Second Glenmont Sector Plan Workshop Addresses Resident Concerns

Residents find the wait frustrating but planners’ enthusiasm encouraging.


Images of a new Glenmont took shape at the second community visioning workshop for the Glenmont Sector Plan Update on Feb. 22, but the projected timeline of completion appears longer than residents had hoped.

Consultants from Rhodeside & Harwell, an urban planning and landscape design firm, presented a mock-up of potential changes near the Glenmont Shopping Center and Metro station. However, they told the nearly 80 residents present that some of the plans could take 15 to 20 years to complete.  

Firm founder Deanna Rhodeside and urban designer Ed Hamm joined Area 2 planner Michael Brown and supervisor Khalid Afzal of the Montgomery County Planning Board to field questions about the redevelopment.

Compared to the 1997 sector plan vision, this plan hopes to transform Glenmont from a “transit-oriented” community to a desirable destination, with an improved look and increased family services.

Residents expressed concerns that their efforts at the workshop might take years to come to fruition. Frank Scopelliti, a CPA and resident of Glenmont for more than 40 years, has been waiting for change since 1997 and wondered if the board was “serious about developing.”

“Let me be clear, the Montgomery County [Planning Board] is an energetic group,” he said. “But the politics of the county are not backing that enthusiasm.”

When residents began to compare progress in other parts of Montgomery County, Afzal mentioned downtown Silver Spring as an example of the time it takes to redevelop a community.

“Plans for Silver Spring started in the ‘80s,” he said, “and as it was there, you cannot control all the factors” that impede progress.

A draft map of a quarter-mile radius surrounding the Glenmont Metro station featured new hiker/biker trails and additional crosswalks along Glenallan Avenue and potential designated bus lanes on Georgia Avenue. Developers also plan to relieve traffic congestion in the Layhill triangle area, among other improvements.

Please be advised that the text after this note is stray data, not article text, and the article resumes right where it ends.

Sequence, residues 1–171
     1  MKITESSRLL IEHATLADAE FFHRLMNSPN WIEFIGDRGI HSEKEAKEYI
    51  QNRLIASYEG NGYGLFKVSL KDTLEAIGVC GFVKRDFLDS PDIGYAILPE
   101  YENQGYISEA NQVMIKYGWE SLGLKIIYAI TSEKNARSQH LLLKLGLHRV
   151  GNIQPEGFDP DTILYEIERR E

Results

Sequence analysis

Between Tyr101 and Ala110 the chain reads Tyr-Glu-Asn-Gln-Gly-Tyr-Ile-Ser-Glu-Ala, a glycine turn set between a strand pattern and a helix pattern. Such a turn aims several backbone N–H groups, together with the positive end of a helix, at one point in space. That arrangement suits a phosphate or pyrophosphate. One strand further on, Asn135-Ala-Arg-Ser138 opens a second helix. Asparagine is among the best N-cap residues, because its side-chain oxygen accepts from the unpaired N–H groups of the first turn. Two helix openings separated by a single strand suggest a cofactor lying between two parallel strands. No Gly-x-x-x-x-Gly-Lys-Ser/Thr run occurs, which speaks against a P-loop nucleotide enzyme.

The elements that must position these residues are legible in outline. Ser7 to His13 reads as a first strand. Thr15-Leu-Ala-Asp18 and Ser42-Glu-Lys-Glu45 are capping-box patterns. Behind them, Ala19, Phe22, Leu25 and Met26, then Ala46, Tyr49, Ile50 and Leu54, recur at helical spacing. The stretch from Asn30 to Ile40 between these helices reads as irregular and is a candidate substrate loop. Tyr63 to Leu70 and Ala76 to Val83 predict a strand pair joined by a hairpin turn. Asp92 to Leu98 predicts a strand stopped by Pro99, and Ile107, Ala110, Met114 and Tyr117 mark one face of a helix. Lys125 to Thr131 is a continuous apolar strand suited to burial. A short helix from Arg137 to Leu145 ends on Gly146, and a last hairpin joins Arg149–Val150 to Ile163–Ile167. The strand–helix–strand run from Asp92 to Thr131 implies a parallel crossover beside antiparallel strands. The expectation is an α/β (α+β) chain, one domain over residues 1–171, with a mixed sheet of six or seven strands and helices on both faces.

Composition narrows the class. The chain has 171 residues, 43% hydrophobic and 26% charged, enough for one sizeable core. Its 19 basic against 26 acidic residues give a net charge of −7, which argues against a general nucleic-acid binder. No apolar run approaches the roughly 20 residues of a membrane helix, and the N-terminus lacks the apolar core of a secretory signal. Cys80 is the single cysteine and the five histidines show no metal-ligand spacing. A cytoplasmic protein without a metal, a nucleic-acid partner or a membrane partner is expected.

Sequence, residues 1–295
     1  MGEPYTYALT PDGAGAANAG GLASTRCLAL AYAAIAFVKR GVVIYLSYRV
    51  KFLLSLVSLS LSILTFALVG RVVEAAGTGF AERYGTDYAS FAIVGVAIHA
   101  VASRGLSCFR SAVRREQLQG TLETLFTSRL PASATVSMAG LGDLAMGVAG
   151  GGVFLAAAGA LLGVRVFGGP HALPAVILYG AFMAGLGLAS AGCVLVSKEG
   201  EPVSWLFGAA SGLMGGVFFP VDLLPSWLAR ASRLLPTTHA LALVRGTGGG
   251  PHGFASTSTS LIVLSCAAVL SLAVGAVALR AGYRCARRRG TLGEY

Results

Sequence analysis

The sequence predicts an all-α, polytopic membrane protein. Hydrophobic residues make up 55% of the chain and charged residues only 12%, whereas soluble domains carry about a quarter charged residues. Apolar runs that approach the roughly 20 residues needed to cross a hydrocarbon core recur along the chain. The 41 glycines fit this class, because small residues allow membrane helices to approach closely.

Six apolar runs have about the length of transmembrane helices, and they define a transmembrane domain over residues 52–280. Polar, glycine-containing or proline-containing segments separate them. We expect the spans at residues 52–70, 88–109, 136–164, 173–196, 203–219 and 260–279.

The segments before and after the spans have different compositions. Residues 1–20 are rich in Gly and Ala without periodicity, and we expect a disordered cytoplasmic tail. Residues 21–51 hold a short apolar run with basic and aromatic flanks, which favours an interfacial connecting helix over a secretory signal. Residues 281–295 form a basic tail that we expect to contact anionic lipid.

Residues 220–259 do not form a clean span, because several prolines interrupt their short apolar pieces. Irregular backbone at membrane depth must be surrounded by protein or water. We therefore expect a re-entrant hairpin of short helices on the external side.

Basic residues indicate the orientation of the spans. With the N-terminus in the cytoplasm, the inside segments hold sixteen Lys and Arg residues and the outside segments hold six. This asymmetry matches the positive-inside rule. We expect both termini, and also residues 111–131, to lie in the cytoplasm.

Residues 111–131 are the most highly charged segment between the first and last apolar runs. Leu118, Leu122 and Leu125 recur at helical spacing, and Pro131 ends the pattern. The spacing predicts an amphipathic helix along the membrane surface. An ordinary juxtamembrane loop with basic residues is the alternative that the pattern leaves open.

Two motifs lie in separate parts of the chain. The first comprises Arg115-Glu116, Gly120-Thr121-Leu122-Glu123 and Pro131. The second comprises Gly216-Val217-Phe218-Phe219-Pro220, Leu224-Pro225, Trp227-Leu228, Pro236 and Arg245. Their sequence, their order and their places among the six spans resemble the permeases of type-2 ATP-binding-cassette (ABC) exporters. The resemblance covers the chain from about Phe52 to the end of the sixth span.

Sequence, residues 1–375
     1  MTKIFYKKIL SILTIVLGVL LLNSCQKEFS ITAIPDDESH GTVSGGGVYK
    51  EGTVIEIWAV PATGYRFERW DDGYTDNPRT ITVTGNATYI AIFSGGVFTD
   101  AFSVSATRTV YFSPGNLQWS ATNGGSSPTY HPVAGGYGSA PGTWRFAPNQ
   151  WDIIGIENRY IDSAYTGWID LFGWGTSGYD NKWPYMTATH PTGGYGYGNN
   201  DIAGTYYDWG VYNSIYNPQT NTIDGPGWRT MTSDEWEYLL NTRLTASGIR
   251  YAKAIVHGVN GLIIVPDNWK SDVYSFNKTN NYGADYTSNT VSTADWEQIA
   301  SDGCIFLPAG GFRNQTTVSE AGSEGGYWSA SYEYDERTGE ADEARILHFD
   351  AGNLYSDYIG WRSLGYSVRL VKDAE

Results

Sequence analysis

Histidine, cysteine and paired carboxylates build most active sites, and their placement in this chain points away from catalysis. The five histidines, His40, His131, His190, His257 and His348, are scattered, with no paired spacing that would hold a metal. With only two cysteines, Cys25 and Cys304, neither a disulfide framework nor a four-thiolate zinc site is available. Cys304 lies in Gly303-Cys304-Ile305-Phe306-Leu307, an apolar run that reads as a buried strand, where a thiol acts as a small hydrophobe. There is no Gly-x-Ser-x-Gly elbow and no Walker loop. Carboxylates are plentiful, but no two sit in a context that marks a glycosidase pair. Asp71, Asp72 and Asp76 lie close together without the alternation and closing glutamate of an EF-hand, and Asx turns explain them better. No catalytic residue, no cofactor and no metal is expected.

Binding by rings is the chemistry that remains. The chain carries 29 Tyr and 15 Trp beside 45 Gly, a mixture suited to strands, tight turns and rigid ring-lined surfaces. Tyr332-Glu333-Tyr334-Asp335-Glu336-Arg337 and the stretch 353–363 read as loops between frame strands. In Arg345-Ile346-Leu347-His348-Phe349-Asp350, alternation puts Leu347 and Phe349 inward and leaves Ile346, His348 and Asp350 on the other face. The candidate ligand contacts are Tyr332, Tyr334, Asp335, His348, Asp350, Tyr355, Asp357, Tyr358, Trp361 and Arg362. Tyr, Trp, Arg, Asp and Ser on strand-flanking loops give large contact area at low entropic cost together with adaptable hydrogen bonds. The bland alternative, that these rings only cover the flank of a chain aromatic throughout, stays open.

Hamm offered photographs of landscaping and construction in developed areas as examples of what Glenmont might look like, such as the work done at the International Boulevard and 81st Avenue intersection in Alexandria, Va.

He also showed how eight-story residential buildings with ground-floor retail and above-ground garages “could be discreetly tucked away [without] overpowering the adjacent neighborhood” of single-family homes. These solutions addressed many of residents’ most pressing concerns, according to the breakout group discussion summary notes from the previous workshop.

Brendan Gaffney, a resident of Glenmont, was not only pleased with the preliminary designs, but also with community involvement.

“The turnout here is encouraging,” he said. “I hope that this sense of engagement throughout the process will lead to some actual results.”

While many seemed frustrated at the projected timeline for change, residents appreciated the planning board’s continued outreach and accessibility.

“It’s very difficult when people bring a lot of different ideas, but they have done an outstanding job,” said Glenmont resident Jo Jones.

“They are being very receptive. I’ve seen a lot of our ideas [from the previous workshop] directly reflected in their plans,” said Ajmia Olaghere, a doctoral student at George Mason University and vice president of the Glenmont Forest Neighbors Civic Association.

Participants broke into small groups to brainstorm new uses for land near Glenmont Circle and between Maryland-National Capital Park and Planning Commission and Randolph Road, indicated by question marks on the draft map, where owners are looking to rebrand their properties. Summaries of resident suggestions will be posted on the planning board’s website in the next week or so, Brown said.

“I think it’s a good idea to check in with the community before you cast your plans in concrete,” said Glenmont resident Pauline G. Johnson, a first-time attendee. She said she is looking forward to the chance “to better assess the progress from this workshop,” at the third workshop, which will be held 7-9 p.m. on March 21, again at the Saddlebrook Park Police Headquarters at 12751 Layhill Road, Silver Spring.

Esther French February 27, 2012 at 04:22 PM
Did you attend the workshop? Are you pleased with the preliminary designs? What should be discussed at the third workshop on March 21?
Chris Coleman February 27, 2012 at 07:01 PM
The preliminary designs are very promising! I think a lot of people were also very pleased to hear that the owners of several parcels of land adjacent to the eyesore shopping center are interested in working with the county on redevelopment. Some of the issues that my group discussed were better connections between parks and safety of road crossings, particularly on Randolph Road. Of course, so much of what's in the plan depends on getting rid of that shopping center. Hopefully the owners will realize that there's money to be made by embracing the future, rather than clinging to the dilapidated past.


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